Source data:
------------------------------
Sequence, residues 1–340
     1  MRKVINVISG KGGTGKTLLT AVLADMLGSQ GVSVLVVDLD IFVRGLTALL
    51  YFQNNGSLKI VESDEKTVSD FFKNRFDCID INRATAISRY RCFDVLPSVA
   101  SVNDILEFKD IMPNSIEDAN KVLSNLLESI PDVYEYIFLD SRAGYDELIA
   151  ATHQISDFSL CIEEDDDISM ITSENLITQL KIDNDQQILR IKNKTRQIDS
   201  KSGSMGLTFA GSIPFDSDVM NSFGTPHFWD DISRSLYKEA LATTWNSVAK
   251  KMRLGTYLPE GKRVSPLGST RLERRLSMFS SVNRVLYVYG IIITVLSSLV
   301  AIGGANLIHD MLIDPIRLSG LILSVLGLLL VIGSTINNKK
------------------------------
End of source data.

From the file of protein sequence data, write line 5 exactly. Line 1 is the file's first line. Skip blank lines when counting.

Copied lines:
   151  ATHQISDFSL CIEEDDDISM ITSENLITQL KIDNDQQILR IKNKTRQIDS